Wednesday, 10 December 2014
Finance Bill 2014: Committee Stage (Resumed)
I feel equally passionate about this as do some Senators but on the other side of the argument. I believe this is an issue that has got a lot of legs in the media and from companies like the one referenced in this House, although I am not sure how many low and middle income families are seeking advice on their taxes each year. I do not say that snidely but I believe there is an indication that there are people in this country who plan their tax affairs and they obviously have concerns.
This came from Revenue and it came from nowhere else. It came from Revenue because of the examples Senator Gilroy read out. I accept those examples sound extreme and I do not know an awful lot of people like that. However, at the moment, that is the legal situation. At the moment, those people are able to avail of those exemptions, which I do not believe anybody in this or the other House wishes to happen.
The concern of Senators is whether we are going too far and creating a kind of unintended consequence whereby we are going to put at a disadvantage families who are looking out for their children.
We have heard concerns about poverty traps and so on, and I am keen to allay some of these concerns.
I wish to set straight the position on civil partners. I am advised that children of civil partners are covered in the same way as all other children.
A tax-free threshold of €225,000 applies to exemption from capital acquisitions tax for lifetime gifts or inheritance up to this value in respect of a transfer from a parent to a child. In addition, there is a small gifts exemption of €3,000, and each parent can gift this amount. Therefore, the provision only kicks in after a child has received €225,000 free, with no tax paid from the parents, in a lifetime. This is reasonable in a time of scarce resources. I accept that the limit may be too low, and this is something that may need to be examined. The Minister for Finance has said he will keep it under review. The limits are applied to a sum of €225,000 tax-free and €3,000 per year free. If a parent wishes to give a gift of more than €3,000, he or she can do so. Not one cent of the tax kicks in until a person has received €225,000 in value. The limit is €3,000 per year, but there is no tax in any year until the cumulative value of €225,000 has been exceeded.
There is a useful example for comparison. We have had conversations about wealth and tax systems and so on. Let us compare this tax treatment with that of a single person earning an industrial wage of, say, €43,000 per year. Such an individual would pay €11,400 in income tax, PRSI, and USC each year. By the time such an individual had earned €225,000, he or she would have paid over €59,000 in income tax, PRSI and USC. Therefore, an average worker in the State earning €43,000 would have paid €59,000 worth of tax at the point at which a recipient adult child would still have paid zero up to the level of €225,000. We will keep the arrangement under review in case it has unintended consequences, but I do not believe it will.
The issue of bed and board was raised. The Revenue Commissioners has stated clearly in the public domain in recent weeks that it does not intend to impute a notional monetary value to bed and board or the value that might be attributable to other such normal informal family arrangements in respect of adult children who continue to reside with their parents, regardless of age. The Revenue Commissioners will not be knocking on doors collaring people who are 26 years of age and asking how much the bed upstairs is worth per year. That will not arise; the Revenue Commissioners have made that much clear. The approach of the Revenue Commissioners is to recognise that it is impractical to put a value on such an arrangement. I seriously understand the concerns that have been expressed by people earnestly and with good reason in this House and the other House and I hope I can allay those fears.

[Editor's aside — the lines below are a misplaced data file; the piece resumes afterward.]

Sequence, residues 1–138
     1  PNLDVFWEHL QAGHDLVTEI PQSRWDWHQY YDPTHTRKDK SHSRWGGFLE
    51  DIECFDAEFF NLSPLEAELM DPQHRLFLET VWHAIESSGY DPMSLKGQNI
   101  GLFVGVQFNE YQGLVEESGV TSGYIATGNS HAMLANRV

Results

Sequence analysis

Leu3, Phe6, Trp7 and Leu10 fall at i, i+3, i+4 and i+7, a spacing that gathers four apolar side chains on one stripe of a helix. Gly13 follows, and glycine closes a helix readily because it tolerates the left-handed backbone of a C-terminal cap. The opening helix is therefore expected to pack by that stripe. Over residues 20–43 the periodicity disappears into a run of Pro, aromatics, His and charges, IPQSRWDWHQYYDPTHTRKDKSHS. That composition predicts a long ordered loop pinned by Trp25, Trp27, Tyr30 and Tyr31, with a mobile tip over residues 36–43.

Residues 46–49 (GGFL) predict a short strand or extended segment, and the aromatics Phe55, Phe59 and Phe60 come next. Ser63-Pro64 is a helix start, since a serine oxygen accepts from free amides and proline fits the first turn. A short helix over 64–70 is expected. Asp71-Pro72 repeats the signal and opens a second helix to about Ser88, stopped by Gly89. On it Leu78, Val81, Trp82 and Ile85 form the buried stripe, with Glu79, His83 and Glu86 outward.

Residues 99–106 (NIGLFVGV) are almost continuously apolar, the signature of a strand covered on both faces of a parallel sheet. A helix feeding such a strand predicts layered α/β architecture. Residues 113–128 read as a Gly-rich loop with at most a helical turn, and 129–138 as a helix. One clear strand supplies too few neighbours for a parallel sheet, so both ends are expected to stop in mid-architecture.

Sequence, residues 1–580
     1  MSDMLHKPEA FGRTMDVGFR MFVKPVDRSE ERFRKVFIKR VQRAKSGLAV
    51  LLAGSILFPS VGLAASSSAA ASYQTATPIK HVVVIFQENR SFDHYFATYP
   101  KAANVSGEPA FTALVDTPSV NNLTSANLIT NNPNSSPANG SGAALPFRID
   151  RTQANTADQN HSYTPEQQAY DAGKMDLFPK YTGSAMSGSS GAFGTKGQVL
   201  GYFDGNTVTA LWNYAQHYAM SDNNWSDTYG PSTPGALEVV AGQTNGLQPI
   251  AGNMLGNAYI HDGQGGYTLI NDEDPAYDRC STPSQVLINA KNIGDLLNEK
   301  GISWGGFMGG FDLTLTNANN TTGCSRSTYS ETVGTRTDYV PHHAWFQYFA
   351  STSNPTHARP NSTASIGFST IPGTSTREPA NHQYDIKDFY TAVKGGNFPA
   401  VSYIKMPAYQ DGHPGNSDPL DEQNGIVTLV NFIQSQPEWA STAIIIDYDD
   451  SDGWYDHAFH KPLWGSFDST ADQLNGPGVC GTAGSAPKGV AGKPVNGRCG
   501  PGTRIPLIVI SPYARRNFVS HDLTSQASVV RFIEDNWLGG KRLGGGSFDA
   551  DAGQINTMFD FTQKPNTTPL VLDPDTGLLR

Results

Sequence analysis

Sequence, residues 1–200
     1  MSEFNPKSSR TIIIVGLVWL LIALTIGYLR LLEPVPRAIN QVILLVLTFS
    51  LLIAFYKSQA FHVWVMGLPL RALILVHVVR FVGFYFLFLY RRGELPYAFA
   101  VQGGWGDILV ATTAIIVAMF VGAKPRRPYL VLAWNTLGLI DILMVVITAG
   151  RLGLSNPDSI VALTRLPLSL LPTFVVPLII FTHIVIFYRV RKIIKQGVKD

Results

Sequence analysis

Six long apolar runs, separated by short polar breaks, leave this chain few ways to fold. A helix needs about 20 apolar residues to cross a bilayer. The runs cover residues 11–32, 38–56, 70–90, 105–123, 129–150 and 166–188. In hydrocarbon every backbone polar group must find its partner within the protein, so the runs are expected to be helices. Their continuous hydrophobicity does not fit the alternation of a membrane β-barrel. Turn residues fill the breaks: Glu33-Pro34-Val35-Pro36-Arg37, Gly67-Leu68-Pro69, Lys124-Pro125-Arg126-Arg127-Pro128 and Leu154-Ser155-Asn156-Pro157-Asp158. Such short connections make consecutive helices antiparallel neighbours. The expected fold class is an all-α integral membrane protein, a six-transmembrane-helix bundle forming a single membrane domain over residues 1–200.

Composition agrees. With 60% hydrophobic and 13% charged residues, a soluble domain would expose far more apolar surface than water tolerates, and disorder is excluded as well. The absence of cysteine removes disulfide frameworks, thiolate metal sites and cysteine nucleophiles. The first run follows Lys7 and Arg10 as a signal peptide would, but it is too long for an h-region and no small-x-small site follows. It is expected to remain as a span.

We had an extensive debate in the other House on property prices, and Senator Gilroy raised the matter in this House. It relates to the question of whether, given current property prices, the €225,000 threshold is now too low a limit, since in certain parts of the country house prices have risen a good deal. The Minister for Finance has said that the limit will be kept under review. However, this should be kept separate from the principle of what we are trying to achieve. We are trying to ensure scare resources are used appropriately and that supports are provided for adult parents looking after their children such that no notional value is attached to bed and board, but we do not want to allow people to abuse this. Some of the examples read out by Senator Gilroy and provided by the Revenue Commissioners sound so extreme that people in the Houses may end up scratching their heads and wondering whether much of this goes on. The information from the Revenue Commissioners is that this is going on and there is a good deal of it. Indeed, it is going on to such an extent that representatives from the Revenue Commissioners have asked the Government to consider it in the context of the Finance Bill, and that is what we are trying to do.